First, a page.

CBSA investigating alleged immigration tax scam in Vancouver
The Canada Border Services Agency is investigating an alleged immigration scam in Vancouver that involved out-of-country employees paying their own salaries so they could maintain their Canadian residency status and qualify for tax benefits.
The alleged scam was revealed in a court ruling released Tuesday. The Canada Revenue Agency went to court seeking documents seized last year by the CBSA during raids of a local immigration consultant, Xun Wang, and two company offices in Vancouver and Richmond.
B.C. Supreme Court Associate Chief Justice Austin Cullen granted the application by the CRA to gain access to the documents.
The court noted that under the alleged scheme, one of Wang’s corporations would “hire” a client, allowing the client to be classified as an employee of a Canadian corporation who worked outside Canada.
If this was accepted by Citizenship and Immigration Canada, the client would maintain permanent resident status without actually living in Canada for two of the past five years, as required, because employment by a Canadian corporation outside of Canada also counts towards the two-year requirement.
It is alleged the client would pay money to Wang’s corporations, which would use the money to pay the client’s “salary.”
The court documents say one of Wang’s corporations, acting as employer, allegedly would withhold source deductions — federal and provincial income taxes, employment insurance and Canada Pension — and the client would receive a “paycheque.”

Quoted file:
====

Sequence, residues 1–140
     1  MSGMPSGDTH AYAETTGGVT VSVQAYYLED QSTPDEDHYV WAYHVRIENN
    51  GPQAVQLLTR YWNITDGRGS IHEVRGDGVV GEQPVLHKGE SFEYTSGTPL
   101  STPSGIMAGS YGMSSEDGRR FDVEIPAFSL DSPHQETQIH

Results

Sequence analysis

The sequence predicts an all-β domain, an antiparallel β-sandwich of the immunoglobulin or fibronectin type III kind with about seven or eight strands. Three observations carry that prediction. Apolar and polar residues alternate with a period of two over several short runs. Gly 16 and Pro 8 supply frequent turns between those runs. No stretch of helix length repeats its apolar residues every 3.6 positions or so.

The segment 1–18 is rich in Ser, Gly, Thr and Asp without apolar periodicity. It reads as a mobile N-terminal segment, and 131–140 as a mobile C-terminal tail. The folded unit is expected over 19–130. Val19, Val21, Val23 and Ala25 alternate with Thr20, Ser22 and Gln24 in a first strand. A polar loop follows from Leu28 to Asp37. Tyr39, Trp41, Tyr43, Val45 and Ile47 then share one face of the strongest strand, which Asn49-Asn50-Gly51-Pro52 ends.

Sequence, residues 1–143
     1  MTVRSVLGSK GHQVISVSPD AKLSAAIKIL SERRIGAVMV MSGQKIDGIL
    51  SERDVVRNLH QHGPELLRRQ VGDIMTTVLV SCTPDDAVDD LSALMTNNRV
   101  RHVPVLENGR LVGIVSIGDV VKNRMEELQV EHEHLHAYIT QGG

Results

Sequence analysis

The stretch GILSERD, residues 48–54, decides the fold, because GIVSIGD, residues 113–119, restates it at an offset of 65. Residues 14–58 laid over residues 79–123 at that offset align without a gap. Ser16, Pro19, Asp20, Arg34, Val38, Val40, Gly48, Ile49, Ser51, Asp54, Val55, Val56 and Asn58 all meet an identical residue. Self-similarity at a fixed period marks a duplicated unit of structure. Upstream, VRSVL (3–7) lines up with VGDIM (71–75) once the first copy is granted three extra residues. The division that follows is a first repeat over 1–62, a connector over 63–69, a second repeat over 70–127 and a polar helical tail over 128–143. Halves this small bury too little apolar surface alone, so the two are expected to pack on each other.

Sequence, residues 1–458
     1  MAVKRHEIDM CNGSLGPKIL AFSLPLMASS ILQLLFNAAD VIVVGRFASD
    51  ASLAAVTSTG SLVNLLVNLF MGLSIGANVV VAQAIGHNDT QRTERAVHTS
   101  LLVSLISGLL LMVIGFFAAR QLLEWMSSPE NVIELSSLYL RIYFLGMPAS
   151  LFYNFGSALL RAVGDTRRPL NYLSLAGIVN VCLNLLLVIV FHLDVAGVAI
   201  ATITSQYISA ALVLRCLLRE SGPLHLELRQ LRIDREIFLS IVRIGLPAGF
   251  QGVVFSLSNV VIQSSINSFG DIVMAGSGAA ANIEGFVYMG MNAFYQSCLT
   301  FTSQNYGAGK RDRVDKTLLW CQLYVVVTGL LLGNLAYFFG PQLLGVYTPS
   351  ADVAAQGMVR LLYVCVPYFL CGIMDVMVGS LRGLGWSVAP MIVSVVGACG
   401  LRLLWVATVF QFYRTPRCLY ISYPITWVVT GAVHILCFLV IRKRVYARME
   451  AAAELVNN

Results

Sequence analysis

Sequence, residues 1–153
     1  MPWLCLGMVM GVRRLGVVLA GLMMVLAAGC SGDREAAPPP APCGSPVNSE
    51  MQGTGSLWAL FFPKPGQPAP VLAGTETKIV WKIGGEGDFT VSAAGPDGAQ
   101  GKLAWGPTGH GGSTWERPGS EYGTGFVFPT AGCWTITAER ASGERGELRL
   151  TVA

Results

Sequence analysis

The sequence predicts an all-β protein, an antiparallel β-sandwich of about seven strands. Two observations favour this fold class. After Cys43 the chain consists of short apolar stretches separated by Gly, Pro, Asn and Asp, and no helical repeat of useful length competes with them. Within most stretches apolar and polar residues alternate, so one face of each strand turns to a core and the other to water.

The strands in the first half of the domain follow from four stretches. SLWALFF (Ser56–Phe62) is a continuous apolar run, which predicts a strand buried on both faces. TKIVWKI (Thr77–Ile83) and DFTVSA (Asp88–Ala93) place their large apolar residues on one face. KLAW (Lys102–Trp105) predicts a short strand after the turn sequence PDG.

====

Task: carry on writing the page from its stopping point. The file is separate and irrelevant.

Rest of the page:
The corporation allegedly would remit the source deductions to the CRA and issue T4 slips to the clients at the end of the year.
Clients would be paid between $14,000 and $30,000 a year, low enough to enable the taxpayer to receive a refund of most or all of the taxes remitted by the corporate employer.
In the court documents, the CRA also alleged the employees “may also be paid benefits such as working income tax benefit, GST credits, child credits, universal child care benefit and climate action rebates.”
The court ruling says the CBSA is investigating allegations that Wang, New Can Consultants (Canada) Ltd. and another company, 12 Wellong International Investments Ltd., violated the Immigration and Refugee Protection Act between Jan. 15, 2007 and Aug. 14, 2012.
The allegations have not been proven in court.